This is the fourth release in the Naxos
series of recordings
with James Sinclair of orchestral music by Charles Ives and it
includes two world première recordings, The General
and Overture in g minor
, both presented in
realisations by David Porter. It’s not as if the world
has been pining for recordings of these works, but they are well
worth hearing - the first commemorating the death of over a thousand
people when a pleasure steamer blew up, the latter a Yale assignment,
hardly recognisable as the work of Ives; like the first symphony,
it might well have been written by Brahms or Dvořák.
Despite which, I really like the First Symphony. I used to have
the Abravanel recording on Vanguard; I must investigate the more
recent offerings - will it be Sinclair/Naxos, Järvi/Chandos
or Litton/Hyperion? - perhaps in a forthcoming Download Roundup.
Those who steer clear of Ives’ reputation as an enfant
may be reassured that there’s nothing really
shocking in this programme, the main part of which is made up
of three movements from his Holidays Symphony. Even the glorious
chaos at the end of The Fourth of July
is good fun, evocative
of a boy’s-eye view of the parade and the marching bands.
The marvel is that Ives composed this work long before it became
fashionable to write about aleatoric music, polytonality and
I’m a little puzzled why it was necessary to carve up the
symphony, with its first movement, Washington’s Birthday
on another Naxos CD, 8.559087, and its movements separated by
the other items here. I know that the four movements were originally
conceived as separate tone poems, but it would have been more
logical to keep them together. There would have been enough space
on the new recording to have included the whole symphony, even
at the cost of duplicating that one movement.
You’ll see from the Musicweb
of recordings of the symphony that I’m not alone
in this preference, though James Sinclair’s recording with
the Northern Sinfonia of Washington’s Birthday
the earlier CD receives an otherwise strong recommendation. Whatever
reservations I may have, I liked the contrast between the quiet
opening of Decoration Day
, at the start of the CD, and Thanksgiving
and Forefathers’ Day
, which makes a resounding conclusion
to the recording.
Apart from the two premières, there are two other rarities
on the new CD, the Postlude
which Ives originally conceived
as an organ piece and subsequently orchestrated, and the commemoration
of a famous Yale-Princeton varsity match. They are both pleasant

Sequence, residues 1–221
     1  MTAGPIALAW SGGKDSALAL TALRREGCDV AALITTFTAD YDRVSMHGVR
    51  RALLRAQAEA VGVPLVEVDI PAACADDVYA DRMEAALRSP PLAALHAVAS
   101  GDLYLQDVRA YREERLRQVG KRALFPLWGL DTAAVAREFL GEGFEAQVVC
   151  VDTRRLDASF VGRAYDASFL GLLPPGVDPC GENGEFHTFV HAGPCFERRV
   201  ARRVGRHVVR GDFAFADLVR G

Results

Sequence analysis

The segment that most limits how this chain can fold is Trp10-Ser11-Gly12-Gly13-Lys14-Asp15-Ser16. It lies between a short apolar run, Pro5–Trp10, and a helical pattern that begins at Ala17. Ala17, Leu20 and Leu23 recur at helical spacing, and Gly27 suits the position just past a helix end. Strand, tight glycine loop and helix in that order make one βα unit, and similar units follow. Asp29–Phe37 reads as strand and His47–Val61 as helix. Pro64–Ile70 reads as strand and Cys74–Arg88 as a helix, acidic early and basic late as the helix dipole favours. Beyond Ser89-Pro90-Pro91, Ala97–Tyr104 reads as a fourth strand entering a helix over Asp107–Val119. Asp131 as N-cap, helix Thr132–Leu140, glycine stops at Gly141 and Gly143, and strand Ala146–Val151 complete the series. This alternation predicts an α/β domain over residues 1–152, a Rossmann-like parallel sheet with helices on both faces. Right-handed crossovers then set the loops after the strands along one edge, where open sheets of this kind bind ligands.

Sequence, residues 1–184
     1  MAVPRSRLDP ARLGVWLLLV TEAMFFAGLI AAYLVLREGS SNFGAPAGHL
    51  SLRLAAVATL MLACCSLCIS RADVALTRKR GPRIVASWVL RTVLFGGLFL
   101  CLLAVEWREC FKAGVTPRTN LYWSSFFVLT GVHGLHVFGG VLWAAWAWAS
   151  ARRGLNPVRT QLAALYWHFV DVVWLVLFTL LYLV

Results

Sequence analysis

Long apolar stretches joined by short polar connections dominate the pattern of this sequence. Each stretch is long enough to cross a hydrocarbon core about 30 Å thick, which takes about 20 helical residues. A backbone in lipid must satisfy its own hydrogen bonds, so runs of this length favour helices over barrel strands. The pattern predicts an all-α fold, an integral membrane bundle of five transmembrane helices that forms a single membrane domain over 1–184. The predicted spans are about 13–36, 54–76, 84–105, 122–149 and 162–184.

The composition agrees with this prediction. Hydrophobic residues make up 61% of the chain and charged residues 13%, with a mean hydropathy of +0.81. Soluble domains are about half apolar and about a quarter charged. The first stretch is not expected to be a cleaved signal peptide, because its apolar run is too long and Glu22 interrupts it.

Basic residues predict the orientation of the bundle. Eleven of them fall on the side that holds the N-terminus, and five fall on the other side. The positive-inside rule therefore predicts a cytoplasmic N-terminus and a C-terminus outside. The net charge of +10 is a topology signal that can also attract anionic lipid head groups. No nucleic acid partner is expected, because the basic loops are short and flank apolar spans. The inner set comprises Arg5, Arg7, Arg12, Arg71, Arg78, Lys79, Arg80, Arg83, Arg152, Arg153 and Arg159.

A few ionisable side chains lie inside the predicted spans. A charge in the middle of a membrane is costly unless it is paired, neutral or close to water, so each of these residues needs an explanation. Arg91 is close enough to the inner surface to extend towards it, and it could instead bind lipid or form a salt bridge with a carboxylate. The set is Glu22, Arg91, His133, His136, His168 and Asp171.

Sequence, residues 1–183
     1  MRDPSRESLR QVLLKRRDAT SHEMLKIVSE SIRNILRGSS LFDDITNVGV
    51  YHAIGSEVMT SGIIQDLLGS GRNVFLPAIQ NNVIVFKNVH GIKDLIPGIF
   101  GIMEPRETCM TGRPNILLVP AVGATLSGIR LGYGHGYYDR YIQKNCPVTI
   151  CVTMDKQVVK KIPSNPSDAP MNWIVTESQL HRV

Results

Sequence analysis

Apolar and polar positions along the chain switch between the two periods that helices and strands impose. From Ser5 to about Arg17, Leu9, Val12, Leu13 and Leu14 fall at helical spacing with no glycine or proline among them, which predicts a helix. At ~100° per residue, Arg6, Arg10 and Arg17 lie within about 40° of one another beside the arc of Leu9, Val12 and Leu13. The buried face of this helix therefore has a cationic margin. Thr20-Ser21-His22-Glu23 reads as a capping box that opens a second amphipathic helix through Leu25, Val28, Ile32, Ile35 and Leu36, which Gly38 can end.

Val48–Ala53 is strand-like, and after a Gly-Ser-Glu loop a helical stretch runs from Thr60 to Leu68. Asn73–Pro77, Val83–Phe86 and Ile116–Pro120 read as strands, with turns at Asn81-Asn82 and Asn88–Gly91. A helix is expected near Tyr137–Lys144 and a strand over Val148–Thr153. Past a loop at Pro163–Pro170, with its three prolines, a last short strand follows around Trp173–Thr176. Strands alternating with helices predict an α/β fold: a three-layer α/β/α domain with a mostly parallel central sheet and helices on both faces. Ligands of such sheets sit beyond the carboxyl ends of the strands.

enough, though hardly vintage Ives, and the performances make
a good case for them.
James Sinclair is a noted Ives scholar and his earlier recordings
for Naxos have been well received, so it comes as no surprise
that everything here sounds thoroughly idiomatic. Those earlier
recordings have been with the National Symphony Orchestra of
Ireland and the Northern Sinfonia of England. Unlike the Nashville
Symphony Orchestra, who recorded Symphony No.2
and the Robert
for Naxos with kennethe Schermerhorn at
the helm, neither of these is exactly to the Ivesian manner born,
any more than the Malmö performers on the current CD and
on Sinclair’s recording of Three Orchestral Sets
yet everything here continues the good work of the earlier discs.
Stephen Hall made that earlier Malmö recording of the Orchestral
his Recording of the Month (8.559353 - see review
not least because it brought the three works together. If I am
marginally less impressed with the current CD, it’s for
the opposite reason, the disintegration of the Holidays Symphony.
The recording is good, with a wide dynamic range - from the almost
inaudible opening chords of Decoration Day
to the cataclysmic
sound of the boat’s boiler exploding in The General
and the conflicting marching bands in The Fourth
The presentation is good, too, with notes, by Jan Swafford, which
are readable and informative and a wonderful collage on the front
cover, painted by James Bigelow Hall, grandnephew of Ives.
My review copy came with the Naxos American Classics Catalog,
a reminder of the impressive credentials which this series has
already established for itself. The quality of the current offering
is no exception. It prompts me to investigate Sinclair’s
other Ives recordings and several more works in the series which
I’ve missed out on.
see also review by Bob